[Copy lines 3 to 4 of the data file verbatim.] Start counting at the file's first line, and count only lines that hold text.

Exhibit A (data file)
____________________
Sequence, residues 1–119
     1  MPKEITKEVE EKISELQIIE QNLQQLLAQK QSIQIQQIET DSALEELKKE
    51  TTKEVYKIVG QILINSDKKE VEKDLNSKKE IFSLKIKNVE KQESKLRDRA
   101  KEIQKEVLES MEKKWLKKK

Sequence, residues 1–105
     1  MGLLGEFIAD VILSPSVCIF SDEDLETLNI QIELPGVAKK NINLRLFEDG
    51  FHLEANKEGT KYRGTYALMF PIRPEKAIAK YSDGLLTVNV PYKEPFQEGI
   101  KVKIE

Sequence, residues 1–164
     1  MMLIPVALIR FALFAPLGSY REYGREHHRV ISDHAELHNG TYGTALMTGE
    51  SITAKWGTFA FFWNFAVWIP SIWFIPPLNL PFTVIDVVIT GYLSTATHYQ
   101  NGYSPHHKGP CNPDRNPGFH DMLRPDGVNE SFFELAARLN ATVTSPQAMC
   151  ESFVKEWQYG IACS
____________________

    51  TTKEVYKIVG QILINSDKKE VEKDLNSKKE IFSLKIKNVE KQESKLRDRA
   101  KEIQKEVLES MEKKWLKKK